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Studying at university in later life slows cognitive decline: A long-term prospective study

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Bindoff, AD and Summers, MJ and Hill, E and Alty, J and Vickers, JC, Studying at university in later life slows cognitive decline: A long-term prospective study, Alzheimer's & Dementia: Translational Research & Clinical Interventions pp. 1-10. ISSN 2352-8737 (2021) [Refereed Article]


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©2021 The Authors. Alzheimer’s & Dementia: Diagnosis, Assessment & Disease Monitoring published by Wiley Periodicals, LLC on behalf of Alzheimer’s Association. This is an open access article under the terms of the Creative Commons Attribution-NonCommercial-NoDerivatives 4.0 International (CC BY-NC-ND 4.0) License, (https://creativecommons.org/licenses/by-nc-nd/4.0/) which permits use and distribution in any medium, provided the original work is properly cited, the use is non-commercial and no modifications or adaptations aremade

DOI: doi:10.1002/trc2.12207

Abstract

Introduction: Declining cognition in later life is associated with loss of independence and quality of life. This decline in cognition may potentially be reduced or reversed through engaging in cognitively stimulating activities. This study examined the potential for university attendance in later life to enhance cognitive function in older adults.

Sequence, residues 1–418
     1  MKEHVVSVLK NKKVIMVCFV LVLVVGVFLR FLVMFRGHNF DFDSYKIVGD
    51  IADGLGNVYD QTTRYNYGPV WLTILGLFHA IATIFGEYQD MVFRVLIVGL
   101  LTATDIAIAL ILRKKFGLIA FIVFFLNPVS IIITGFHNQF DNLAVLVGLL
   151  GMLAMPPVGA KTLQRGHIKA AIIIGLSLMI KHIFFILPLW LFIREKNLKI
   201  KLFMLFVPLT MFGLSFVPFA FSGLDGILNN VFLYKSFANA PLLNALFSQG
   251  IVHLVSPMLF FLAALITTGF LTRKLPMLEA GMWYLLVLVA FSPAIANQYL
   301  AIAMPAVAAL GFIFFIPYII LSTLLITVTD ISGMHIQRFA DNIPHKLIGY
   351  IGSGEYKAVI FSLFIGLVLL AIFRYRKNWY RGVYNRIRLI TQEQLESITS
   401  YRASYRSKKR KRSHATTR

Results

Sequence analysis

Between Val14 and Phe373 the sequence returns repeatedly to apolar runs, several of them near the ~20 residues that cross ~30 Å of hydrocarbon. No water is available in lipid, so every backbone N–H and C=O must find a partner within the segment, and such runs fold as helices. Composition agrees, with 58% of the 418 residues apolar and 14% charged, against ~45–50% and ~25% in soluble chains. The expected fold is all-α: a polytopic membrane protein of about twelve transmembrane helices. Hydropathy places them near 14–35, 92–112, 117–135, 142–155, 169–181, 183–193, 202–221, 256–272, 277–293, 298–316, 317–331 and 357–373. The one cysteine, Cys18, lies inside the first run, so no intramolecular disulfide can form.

Methods: Cognitively unimpaired adults (n = 485, 69% female, median age 60 years) were given the opportunity to undertake free university study. Repeated neurocognitive assessment was performed over 7 years.

Results: Participants in the university education group (n = 383) improved z = .02 SD (.01, .03) per year of the study compared to controls (P = .001; averaged across a battery of cognitive tests). The largest improvements were observed on tests of language and verbal learning, memory, and episodic memory.

Discussion: Later-life university study was associated with improved cognitive trajectories. Later-life education may preserve cognitive function, specifically for functions associated with communication, social interaction, and maintaining independence.

Item Details

Item Type:Refereed Article
Keywords:dementia, risk, ageing, Tasmania, public health, education, cognitive reserve
Research Division:Biomedical and Clinical Sciences
Research Group:Clinical sciences
Research Field:Geriatrics and gerontology
Objective Division:Health
Objective Group:Public health (excl. specific population health)
Objective Field:Preventive medicine
UTAS Author:Bindoff, AD (Mr Aidan Bindoff)
UTAS Author:Hill, E (Dr Edward Hill)
UTAS Author:Alty, J (Dr Jane Alty)
UTAS Author:Vickers, JC (Professor James Vickers)
ID Code:146597
Year Published:2021
Deposited By:Wicking Dementia Research and Education Centre
Deposited On:2021-09-15
Last Modified:2021-10-13
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